The Demise of Egyptian Television


Image from ScoopEmpire

Ramadan is just around the corner and that means people are getting ready to watch everything during the first few days in hopes of filtering out what they are going to continue watching for the rest of the month. Year after year, all the big channels are slated with shows that attempt to garner as much viewership as possible; with big stars just sitting back and wondering what their next project could be, and the up and coming actors and actresses hoping to stand out in order to guarantee more work. This leaves us, the audience, in the debris of what production companies call ‘their best work.’

Image from Al Bawaba

Looking at the shows set for this year and thinking about the shows that have appeared throughout the last few years, one cannot help but feel a sense of defeatism. Actors, writers, directors and producers have gone from supplying audiences with top notch television to adhering to the whimsical demands of an audience that has been plagued by the Mohamed Ramadans and Amir Kararas of the world.

We stay up and watch as these men and women take to the screen to perform the words and ideas of seemingly adolescent writers. The issue at hand is a systemic one and not one of talent, capabilities, or even resources. Every year numbers are leaked claiming so and so actor took home millions for their role and then upon watching them perform, we question our sanity and that of those around us.

Shows, especially Ramadan shows, are built around a cult of personality; the idolizing of men and women based on trends and popular opinion. So these shows succeed, they get their record breaking viewership and the money they wanted from commercials and that’s it, no need to think about it more than that.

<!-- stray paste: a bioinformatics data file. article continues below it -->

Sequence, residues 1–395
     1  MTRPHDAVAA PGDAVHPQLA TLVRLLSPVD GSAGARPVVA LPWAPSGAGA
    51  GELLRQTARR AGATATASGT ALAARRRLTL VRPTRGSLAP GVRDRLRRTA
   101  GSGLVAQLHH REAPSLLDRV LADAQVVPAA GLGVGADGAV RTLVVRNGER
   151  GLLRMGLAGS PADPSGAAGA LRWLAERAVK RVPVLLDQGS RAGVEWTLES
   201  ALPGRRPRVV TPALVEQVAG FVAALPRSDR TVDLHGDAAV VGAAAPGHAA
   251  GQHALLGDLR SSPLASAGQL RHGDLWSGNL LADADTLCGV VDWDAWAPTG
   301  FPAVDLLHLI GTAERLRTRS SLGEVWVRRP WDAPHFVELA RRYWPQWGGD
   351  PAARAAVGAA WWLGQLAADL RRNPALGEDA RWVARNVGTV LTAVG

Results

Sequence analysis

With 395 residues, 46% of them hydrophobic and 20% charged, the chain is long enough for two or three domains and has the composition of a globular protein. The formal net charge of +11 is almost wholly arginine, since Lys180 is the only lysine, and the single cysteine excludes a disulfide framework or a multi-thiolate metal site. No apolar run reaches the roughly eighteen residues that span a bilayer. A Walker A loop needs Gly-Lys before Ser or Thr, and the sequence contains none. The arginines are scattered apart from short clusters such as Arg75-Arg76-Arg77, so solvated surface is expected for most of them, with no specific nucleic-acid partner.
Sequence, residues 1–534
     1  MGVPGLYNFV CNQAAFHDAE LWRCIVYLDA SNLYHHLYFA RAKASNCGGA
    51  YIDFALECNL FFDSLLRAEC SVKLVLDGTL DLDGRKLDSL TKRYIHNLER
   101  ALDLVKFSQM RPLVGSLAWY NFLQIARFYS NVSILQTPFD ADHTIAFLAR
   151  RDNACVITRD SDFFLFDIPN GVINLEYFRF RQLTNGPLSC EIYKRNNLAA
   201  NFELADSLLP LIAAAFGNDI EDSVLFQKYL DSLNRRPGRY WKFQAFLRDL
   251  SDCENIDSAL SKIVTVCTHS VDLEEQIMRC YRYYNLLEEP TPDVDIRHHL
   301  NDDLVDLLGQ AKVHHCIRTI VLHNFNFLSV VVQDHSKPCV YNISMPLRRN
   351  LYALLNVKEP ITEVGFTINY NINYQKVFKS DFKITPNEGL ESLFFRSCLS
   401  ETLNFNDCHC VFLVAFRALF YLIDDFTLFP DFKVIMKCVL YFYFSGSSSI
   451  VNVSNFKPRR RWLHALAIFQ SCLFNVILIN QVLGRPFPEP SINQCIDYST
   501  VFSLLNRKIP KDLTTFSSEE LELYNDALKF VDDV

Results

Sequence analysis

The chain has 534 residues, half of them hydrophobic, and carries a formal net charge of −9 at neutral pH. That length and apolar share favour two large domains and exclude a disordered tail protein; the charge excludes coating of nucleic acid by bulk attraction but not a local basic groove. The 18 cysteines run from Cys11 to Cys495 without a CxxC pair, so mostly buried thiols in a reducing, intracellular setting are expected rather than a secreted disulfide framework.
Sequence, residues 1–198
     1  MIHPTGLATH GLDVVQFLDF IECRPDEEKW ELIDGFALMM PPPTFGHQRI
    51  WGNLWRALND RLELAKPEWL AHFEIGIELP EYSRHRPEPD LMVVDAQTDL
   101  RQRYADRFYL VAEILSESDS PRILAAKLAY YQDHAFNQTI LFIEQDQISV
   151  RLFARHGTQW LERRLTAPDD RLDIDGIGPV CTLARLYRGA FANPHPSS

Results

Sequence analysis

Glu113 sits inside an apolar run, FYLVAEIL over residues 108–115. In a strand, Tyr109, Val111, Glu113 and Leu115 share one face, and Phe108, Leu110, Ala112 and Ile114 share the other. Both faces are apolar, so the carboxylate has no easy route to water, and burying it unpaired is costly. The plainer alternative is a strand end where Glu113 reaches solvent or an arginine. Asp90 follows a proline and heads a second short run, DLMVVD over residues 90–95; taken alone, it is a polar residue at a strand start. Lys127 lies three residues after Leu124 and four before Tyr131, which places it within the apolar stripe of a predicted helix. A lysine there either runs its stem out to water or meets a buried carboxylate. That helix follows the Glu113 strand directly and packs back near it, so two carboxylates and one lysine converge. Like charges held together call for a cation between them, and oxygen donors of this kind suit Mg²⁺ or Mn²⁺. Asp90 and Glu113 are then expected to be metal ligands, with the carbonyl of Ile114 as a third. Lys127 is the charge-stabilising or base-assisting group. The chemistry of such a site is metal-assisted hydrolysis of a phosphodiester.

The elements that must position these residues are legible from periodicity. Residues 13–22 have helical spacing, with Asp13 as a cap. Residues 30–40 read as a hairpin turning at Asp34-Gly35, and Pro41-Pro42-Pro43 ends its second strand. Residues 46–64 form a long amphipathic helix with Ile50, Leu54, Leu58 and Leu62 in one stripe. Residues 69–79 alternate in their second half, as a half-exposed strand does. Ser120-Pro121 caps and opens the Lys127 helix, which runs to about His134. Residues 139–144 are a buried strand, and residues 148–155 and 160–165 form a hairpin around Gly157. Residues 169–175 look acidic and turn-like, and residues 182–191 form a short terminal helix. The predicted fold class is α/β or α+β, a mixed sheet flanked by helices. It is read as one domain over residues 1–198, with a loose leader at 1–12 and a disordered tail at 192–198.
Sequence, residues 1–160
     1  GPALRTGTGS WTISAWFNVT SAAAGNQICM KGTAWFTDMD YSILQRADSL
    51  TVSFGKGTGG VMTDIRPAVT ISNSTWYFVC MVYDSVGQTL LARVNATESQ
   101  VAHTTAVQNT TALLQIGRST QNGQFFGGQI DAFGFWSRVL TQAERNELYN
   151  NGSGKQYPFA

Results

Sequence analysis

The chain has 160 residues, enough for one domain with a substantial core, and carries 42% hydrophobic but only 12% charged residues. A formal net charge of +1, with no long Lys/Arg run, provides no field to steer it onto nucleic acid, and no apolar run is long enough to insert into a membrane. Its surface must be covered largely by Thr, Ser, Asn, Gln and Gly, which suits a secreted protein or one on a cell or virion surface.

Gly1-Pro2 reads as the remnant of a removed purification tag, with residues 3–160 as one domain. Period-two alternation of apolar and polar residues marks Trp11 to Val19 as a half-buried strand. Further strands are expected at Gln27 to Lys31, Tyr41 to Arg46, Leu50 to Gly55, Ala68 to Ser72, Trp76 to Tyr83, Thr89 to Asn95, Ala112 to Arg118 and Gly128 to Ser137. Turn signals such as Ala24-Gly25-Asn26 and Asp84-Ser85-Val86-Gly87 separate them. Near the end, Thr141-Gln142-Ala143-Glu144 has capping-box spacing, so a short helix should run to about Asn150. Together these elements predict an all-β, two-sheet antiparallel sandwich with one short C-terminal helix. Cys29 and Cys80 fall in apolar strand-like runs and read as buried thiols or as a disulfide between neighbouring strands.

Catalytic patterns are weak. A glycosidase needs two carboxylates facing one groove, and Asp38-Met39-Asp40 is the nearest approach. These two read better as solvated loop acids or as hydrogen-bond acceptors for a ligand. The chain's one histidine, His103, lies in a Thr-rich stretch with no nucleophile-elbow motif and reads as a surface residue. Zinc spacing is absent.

Later on in the year we question why none of our productions were recognized globally, whether in film or in television. How come none of our 32 Foreign Film submissions to the Oscars have come to fruition?

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The issue at hand is that those in control of the means of production are not producers but businessmen (yes, usually men). They are not concerned with art or standards or content, they are merely concerned with their bottom line; their return on investment, which is understandable from a purely business point of view. So they hire writers who write what people want to hear, not what they want to say. They hire directors who can adhere to a tight and rigorous schedule and they hire actors who have enough star power to attract viewers. So it becomes Yehia El Fakharany’s show as opposed to a production on its own.

Every Ramadan one could rely on Adel Imam to appear in a hackneyed and clichéd show filled with predatory humor and a role that is not in tune with the actor’s age. We idolize the likes of Mohamed Ramadan, a man with many skills (although acting does not seem to be on the top of the list) as he rampages through cities, villages and towns to exact revenge and violence on those who are seemingly less righteous than him.

Image from Eye of Riyadh

It has gotten to a point where the cult of personality has reached a stage that people already have predisposed opinions. Nelly Karim is great, she’s always great, did you see her in whatever? Yes, she is a good actress and has on occasion delivered powerful moments within her roles, but it has gotten to a point where if she stars in a Kleenex commercial people would want her to get an award for blowing her nose on television.

This is not an evisceration of actors who are talented, this is an evisceration of our single minded opinion; our adherence to what we believe people think is good and us following in suit. If one is to look around the world, not even to Hollywood or British television but to our neighbors, we would notice that we are behind and we are unaware of it.

So this Ramadan, as you turn on your television to watch a new show and hope for some action and interesting plot twists, take a second and actually look at what it is you are watching and I guarantee you the first thing that will come to your mind is: “What is this? I don’t understand what this is.”

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